A student costume party involving traditional music at the University of Jyväskylä in Finnish Lakeland has sparked a racism controversy, Finnish national broadcaster Yle reported.
In particular, one of the students arrived to the party wearing traditional "Black Pete" makeup, which involved a black-painted face. During the course of the party, traditional tunes were sung, albeit with modified lyrics, featuring "Nazi references" and racial slurs, particularly the "n-word." The merriment continued despite an outcry of protest, according to students.
In the aftermath of the party, Bella Forsgrén, the chairwoman of the Jyväskylä University Student Union's representative council, penned a petition claiming that racism has no place at either traditional parties or the university in general. Forsgrén, who herself is from a mixed racial background, called "blackface" inappropriate and stressed the fact that the party took place during the Red Cross-sponsored "anti-racism week." Forsgrén argued that the world has changed more rapidly than the student parties, stressing that this sort of humor "maybe was OK twenty years ago," but not anymore.
Sitsi kulttuuri kaipaa muutosta! Rasistiseen kielenkäyttöön tai tekoihin puuttuminen ei ole mielensäpahoittamista, huumorintajuttomuutta eikä ilonpilausta vaan aidon yhdenvertaisuuden edistämistä ja hauskojen sitsien varmistamista kaikille. #olentodistanut https://t.co/EDaNFp3r4h— Bella Forsgrén (@BellaForsgren) March 23, 2018
Forsgrén's post received significant attention, sparking a hot debate in university milieus. In the following days all student groups involved in the party have issued statements of apology, pledging not to repeat their actions in the future. In a general statement of apology, the Jyväskylä University Student Union (JYY) stated it was currently preparing guidelines for party organizers, specifically denouncing all forms of racism occurring during such events and pledging "zero tolerance."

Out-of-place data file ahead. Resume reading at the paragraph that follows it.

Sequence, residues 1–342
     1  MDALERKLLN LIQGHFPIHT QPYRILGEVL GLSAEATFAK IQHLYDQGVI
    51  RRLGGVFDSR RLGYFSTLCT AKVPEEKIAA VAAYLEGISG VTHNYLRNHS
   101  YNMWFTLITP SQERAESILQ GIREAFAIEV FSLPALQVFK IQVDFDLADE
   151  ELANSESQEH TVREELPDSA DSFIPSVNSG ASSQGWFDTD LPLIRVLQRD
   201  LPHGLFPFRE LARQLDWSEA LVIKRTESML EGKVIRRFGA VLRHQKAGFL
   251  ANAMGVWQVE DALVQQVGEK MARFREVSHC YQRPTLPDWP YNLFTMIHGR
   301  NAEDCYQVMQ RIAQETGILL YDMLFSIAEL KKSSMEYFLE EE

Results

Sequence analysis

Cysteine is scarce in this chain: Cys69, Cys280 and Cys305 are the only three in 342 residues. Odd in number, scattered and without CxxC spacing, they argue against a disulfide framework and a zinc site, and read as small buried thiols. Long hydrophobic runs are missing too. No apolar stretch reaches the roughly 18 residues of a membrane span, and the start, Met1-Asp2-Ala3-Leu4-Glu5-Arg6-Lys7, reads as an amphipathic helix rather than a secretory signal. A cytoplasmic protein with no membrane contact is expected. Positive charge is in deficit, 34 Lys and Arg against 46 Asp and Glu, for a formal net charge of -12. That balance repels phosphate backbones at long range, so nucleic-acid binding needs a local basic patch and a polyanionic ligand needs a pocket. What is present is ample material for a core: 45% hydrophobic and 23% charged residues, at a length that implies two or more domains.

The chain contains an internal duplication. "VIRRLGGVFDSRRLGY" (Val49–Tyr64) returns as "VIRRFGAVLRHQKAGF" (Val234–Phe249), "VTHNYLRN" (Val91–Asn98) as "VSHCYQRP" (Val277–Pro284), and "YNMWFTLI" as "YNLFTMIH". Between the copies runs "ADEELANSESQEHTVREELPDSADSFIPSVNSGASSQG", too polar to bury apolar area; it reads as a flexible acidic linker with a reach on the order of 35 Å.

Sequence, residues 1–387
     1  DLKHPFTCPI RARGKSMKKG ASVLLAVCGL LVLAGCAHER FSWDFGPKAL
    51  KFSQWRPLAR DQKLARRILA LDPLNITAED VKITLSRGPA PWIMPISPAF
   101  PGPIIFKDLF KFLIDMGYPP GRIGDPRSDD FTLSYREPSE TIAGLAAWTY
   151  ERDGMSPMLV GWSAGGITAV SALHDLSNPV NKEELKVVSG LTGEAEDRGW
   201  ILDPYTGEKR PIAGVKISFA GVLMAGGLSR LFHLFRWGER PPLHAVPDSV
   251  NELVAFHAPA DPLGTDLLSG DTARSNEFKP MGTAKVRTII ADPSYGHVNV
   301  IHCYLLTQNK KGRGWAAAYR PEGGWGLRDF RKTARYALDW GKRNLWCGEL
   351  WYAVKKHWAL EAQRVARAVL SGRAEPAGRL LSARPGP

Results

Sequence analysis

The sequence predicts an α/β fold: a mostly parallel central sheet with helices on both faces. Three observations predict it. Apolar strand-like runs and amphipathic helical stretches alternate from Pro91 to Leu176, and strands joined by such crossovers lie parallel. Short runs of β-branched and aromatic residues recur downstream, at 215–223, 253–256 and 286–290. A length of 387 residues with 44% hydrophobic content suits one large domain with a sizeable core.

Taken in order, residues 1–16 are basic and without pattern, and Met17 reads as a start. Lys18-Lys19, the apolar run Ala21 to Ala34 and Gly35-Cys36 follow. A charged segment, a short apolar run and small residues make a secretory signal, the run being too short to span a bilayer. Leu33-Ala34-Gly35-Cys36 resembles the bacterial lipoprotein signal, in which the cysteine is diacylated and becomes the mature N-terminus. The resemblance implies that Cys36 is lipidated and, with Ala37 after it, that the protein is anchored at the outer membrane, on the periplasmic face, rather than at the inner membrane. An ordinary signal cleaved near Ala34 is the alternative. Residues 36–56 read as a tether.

The apology by Jyväskyä University triggered a number of similar formal rejections of racism across Finland, with several other student unions addressing "questionable content." Helsinki University targeted songs that it decried as "blatantly racist, discriminatory or violent" and were therefore to be avoided.
"Academic celebrations would have been much more fun if these traditional homophobic and racist songs were finally thrown out of the program," Jyväskyla Festival manager Kyösti Ylikulju tweeted, calling them "soul-wrenching."
Writer and blogger Annina Nirhamo called some of the popular lyrics "vomit-inducing."
The Nordic version of fraternity parties locally known as "sitsfests" have been a part of student life for generations. The garden variety sitsfest involves students sitting at long tables and consuming copiuous amounts of alcohol to the accompaniment of traditional songs.
Yhteispoliittisilla sitseillä! Harvoin kuulee Vöyrin ja punakaartin marssin samassa tilaisuudessa 😂 Huippua! Epäkorrektia! Ite ehdotin erästä juomalaulua Sinisten gallupkannatuksen kunniaksi. 😉 #sitsit pic.twitter.com/oYQtNxkFCm— Tiina Ahva (@TiinaPlz) February 1, 2018
The Finnish variety of "Black Peter" is known as "Tiernapoika" and is quite similar to the Dutch "Zvart Piet" tradition of Christmas celebration. Both are rooted in medieval nativity plays about the three wise man prophesying the birth of Jesus Christ, one of them being a Moor, hence dark-skinned.